Our research examined the relationship between these patient-experience dimensions, the process of care, and a hospital’s performance in terms of readmissions and operating costs. We supplemented our analyses with in-depth case studies of five acute-care hospitals that involved close to 50 semi-structured interviews with hospital administrators, physicians, and nurses.
Results from these efforts collectively suggest that when the process-of-care quality is high, improving on the communication-focused dimension has a much stronger effect on reducing readmission rates when compared to improving on the response-focused patient-experience dimension. In fact, the communication-focused dimension and process-of-care combo results in a 5-percentage-point reduction in 30-day readmission rates for an average U.S. hospital. The reduction is just under 3 percentage points for the response focus and process of care combo. The net difference of over 2 percentage points for an average hospital is a conservative estimate and compares results for only a 1% increase in the each patient experience dimension.
If these results are that powerful, why aren’t hospitals focusing on improving this patient experience dimension? The answer is that improving the communication-focused dimension involve significant training costs, in no small part because health care traditionally has focused on the evidence-based process of care rather than the patient experience. This bias is reflected in medical education, which teaches technical skills to caregivers and puts relatively little emphasis on the importance of interacting with the patient.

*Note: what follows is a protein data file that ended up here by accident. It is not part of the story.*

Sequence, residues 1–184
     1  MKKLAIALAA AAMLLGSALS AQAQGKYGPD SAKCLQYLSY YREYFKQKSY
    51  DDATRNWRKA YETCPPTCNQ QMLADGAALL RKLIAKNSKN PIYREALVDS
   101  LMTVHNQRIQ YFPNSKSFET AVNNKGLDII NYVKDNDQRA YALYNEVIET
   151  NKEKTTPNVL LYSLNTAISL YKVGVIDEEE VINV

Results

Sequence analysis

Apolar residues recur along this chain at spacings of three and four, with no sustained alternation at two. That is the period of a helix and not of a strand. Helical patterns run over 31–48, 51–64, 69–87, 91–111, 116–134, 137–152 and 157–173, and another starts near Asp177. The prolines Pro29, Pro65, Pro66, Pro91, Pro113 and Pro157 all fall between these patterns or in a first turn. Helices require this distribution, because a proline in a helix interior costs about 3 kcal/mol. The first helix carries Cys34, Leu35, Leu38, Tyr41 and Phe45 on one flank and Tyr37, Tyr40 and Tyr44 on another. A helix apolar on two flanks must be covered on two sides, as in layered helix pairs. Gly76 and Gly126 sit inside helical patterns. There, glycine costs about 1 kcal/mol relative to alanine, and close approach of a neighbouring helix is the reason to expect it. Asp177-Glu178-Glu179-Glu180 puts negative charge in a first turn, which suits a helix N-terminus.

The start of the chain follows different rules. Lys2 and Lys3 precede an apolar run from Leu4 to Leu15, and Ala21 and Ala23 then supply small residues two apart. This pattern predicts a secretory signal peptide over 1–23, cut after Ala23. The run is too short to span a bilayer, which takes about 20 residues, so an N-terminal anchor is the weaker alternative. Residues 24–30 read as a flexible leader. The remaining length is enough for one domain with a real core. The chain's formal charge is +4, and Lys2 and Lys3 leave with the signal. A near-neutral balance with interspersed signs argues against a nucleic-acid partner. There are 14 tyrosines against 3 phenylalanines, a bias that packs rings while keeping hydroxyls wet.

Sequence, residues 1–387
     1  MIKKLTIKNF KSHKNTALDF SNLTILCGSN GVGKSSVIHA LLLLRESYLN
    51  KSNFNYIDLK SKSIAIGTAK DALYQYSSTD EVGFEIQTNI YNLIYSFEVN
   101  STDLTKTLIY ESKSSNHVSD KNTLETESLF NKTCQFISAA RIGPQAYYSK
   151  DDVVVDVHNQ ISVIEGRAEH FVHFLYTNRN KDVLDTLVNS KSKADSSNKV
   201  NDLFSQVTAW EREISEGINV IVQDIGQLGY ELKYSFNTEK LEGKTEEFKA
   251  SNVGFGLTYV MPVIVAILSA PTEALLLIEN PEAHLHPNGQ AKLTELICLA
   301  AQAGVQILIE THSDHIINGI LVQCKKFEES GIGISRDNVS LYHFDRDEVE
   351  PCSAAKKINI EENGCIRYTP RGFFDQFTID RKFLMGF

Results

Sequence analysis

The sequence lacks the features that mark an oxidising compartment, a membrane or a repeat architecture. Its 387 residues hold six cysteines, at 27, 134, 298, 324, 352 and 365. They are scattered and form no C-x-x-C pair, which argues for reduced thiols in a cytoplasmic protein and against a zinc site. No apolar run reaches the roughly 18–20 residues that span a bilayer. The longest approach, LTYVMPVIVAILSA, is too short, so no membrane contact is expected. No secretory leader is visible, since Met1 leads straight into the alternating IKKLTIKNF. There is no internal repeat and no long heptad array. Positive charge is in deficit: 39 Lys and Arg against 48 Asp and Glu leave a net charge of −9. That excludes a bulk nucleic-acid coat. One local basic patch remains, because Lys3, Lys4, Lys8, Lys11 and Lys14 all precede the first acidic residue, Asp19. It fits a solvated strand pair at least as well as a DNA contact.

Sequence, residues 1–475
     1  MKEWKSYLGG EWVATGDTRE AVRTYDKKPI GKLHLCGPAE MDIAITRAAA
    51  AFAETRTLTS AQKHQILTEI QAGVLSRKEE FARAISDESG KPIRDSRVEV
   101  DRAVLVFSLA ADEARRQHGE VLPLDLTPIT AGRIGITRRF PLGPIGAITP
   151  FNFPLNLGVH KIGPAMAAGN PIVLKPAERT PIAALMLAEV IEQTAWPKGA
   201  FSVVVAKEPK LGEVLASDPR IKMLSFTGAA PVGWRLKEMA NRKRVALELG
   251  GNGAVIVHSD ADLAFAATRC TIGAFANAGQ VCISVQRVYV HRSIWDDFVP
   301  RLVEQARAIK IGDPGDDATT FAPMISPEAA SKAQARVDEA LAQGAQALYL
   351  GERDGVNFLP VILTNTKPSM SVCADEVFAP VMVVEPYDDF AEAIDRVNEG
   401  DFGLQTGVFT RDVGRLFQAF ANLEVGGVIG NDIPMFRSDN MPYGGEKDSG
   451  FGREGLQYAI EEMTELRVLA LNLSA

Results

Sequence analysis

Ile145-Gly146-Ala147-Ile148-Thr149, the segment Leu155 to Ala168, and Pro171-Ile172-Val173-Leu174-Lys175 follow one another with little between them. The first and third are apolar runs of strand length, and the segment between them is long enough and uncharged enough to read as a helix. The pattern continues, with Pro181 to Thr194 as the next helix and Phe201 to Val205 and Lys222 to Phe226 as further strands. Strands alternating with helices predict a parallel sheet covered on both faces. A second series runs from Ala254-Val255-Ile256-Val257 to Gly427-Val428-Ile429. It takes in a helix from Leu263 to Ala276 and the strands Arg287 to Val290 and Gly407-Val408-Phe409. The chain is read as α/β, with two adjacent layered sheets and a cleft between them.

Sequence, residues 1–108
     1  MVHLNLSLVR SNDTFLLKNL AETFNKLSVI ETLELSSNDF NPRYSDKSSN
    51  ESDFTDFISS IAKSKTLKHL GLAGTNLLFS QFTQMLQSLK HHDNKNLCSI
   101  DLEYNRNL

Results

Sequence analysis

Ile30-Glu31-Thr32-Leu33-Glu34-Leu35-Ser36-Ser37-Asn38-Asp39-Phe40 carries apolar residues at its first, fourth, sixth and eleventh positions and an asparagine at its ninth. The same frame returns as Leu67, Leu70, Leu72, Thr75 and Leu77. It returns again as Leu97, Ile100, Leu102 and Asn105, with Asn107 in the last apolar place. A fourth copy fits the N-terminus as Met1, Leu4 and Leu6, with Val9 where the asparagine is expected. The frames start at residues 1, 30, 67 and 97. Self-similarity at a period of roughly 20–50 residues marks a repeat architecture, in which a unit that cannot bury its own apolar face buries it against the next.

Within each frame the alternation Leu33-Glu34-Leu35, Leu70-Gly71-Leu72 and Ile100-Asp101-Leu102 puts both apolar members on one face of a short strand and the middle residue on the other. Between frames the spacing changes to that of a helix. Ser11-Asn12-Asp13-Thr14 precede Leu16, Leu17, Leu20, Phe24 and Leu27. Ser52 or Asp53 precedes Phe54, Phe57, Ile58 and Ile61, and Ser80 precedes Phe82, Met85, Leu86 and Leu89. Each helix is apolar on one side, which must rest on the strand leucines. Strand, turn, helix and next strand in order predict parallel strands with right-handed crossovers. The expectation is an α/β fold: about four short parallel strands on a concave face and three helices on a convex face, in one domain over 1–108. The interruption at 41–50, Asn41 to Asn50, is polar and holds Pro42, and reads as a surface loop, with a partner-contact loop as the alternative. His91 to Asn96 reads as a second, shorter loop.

Thus, while investing in cultural change represents a daunting task for hospitals, investing in amenities might appear to be an attractive alternative. Interestingly enough, our research shows that, when process-of-care quality is high, improving the communication-focused dimension of the patient experience is less expensive ($48 per patient discharged from an average U.S. hospital for a one-percentage-point increase in patient-experience scores) than improving the response-focus dimension ($62 per patient discharged from an average U.S. hospital for a one-percentage-point increase in patient-experience scores).
These results present an interesting cost-quality tradeoff for U.S. hospitals. While it is generally costly for hospitals to improve the patient experience, these costs are lower and the benefits are also higher if, in combination with a high-quality process of care, the focus is directed at improving communication between caregivers and patients. This has a dual punch of not only being less expensive but also far superior in reducing readmissions. These results have important implications for where hospital administrators should invest to improve the overall health-care-delivery system in the United States.